by Julia Buckley
The holidays create a yearly paradox for me: I anticipate their arrival with both happiness and dread.
There's no doubt that the holidays bring many good things, starting with Thanksgiving and the chance it offers to gather with family, to share a fine meal, to catch one's breath and relax after stepping off of the work-a-day treadmill.
Christmas, too, brings the beauty of tradition and the comfort of family, as well as many pleasing sights and sounds. If someone tried to make me stop celebrating Christmas, I would protest heartily for a variety of reasons.
However, the holidays are like any other time of year in respect to the rapidity of life these days. Is it my middle-aged perspective, or were holidays once celebrated at a slower pace, one that allowed for all of the preparations and festivities without the mandatory nervous breakdown?
Perhaps part of the pressure I feel is that my mother always created beautiful holidays. The house was perfect and she baked German breads, cakes and cookies for weeks beforehand so that they could all be put out on festive trays on Christmas Eve and given to guests and neighbors on Christmas Day. There was always time to go cut our own Christmas tree and eat cherry cobbler and drink hot chocolate at a little diner on the way home--one of our family traditions. There was time to decorate and to wrap presents for our whole seven-member family. There was time to attend Midnight Mass in our best attire. There was even time to sit and watch the snow fall.
Perhaps the biggest difference between then and now was that my mother did not work, and I do. Eight hours of my day is spent outside of the home (nine-and-a-half, if you count all of the dropping off and picking up), and yet I still want to create the same sort of Thanksgiving, the same sort of Christmas for my children that my parents created for me. This, I have found, is a mighty tall order.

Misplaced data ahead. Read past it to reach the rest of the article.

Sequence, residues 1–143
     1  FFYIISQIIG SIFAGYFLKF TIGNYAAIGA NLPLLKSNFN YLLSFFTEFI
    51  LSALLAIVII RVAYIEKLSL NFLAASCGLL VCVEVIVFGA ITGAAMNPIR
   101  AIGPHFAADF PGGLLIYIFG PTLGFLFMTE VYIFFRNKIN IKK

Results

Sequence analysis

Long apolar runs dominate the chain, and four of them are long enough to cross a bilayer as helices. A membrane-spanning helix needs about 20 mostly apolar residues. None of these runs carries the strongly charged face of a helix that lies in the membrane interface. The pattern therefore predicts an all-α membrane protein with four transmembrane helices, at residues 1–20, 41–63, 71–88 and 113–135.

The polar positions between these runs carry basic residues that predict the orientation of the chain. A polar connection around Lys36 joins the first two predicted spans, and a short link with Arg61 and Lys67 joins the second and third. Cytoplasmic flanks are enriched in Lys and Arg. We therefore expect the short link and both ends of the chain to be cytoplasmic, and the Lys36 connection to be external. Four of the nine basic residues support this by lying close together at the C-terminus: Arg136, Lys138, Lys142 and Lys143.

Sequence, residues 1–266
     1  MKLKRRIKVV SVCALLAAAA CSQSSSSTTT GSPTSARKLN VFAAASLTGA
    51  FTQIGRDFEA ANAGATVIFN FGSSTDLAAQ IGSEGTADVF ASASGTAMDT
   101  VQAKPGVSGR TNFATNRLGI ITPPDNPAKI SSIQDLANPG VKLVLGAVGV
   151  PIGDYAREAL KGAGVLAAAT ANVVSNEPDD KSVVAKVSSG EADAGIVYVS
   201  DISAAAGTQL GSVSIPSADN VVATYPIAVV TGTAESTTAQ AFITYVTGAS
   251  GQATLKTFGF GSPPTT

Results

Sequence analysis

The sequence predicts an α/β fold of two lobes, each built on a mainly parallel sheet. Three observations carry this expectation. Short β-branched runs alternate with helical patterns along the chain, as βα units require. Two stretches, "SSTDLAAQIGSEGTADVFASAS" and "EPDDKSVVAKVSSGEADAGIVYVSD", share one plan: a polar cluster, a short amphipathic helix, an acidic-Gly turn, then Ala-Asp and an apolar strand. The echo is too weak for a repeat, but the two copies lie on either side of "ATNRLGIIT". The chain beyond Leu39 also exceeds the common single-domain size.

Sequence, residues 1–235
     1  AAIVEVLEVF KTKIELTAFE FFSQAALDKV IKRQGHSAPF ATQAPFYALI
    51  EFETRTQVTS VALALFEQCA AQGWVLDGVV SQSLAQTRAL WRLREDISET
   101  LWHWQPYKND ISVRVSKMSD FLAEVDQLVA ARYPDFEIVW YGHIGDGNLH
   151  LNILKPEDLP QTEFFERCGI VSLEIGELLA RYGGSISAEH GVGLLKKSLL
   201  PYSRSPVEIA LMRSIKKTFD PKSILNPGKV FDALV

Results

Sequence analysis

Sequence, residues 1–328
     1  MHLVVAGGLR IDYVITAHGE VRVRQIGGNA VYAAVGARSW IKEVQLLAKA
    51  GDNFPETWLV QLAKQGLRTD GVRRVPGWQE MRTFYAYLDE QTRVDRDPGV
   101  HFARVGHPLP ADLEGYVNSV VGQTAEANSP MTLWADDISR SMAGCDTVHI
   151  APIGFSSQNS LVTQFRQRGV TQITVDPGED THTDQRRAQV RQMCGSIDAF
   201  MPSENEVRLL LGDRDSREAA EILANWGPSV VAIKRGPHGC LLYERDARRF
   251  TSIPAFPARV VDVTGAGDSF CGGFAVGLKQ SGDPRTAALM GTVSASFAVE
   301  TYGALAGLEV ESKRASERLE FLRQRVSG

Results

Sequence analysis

When my children were young I would actually take the day off on St. Nicholas' Day (December 6th), so that I could wrap little presents and fill tiny boots with candy, and then watch my sons' faces when they stumbled downstairs in their footy pajamas and saw that St. Nick had been there. One year my husband and I actually stayed up late trying to create authentic St. Nick footprints on the floor (which should have been rather terrifying, but always ended up being wonderful instead).
These were some of my successes, but I often find that I have failed to live up to my own image of what the holidays should be, perhaps because my image of holidays past is rooted in illusion. Or perhaps things were just different then.
My sister and I often commiserate about our failure to create near-perfect holidays. We'll find ourselves on the phone after a long workday (she is a teacher, too), contemplating our messy houses with their big cat-hair tumbleweeds and the kid handprints on the glass, saying "Mom would have had the house sparkling; she would have done the floors and had us get to work polishing the silverware." Yes, polishing the silverware! My mother also ironed things--something I've rarely done in twenty-one years of married life.
In any case, the holidays are coming whether I'm ready or not. I'll have my yearly compromise of time off with family, but a bag of research papers hidden under a side table, casting a pall of obligation over my fun.
I think the key will be to do something differently this year: to start a new tradition that our family will look forward to for every winter holiday to come. Perhaps you'll share some with me so that I can embrace this holiday season, its joys and its obligations, as the best ever.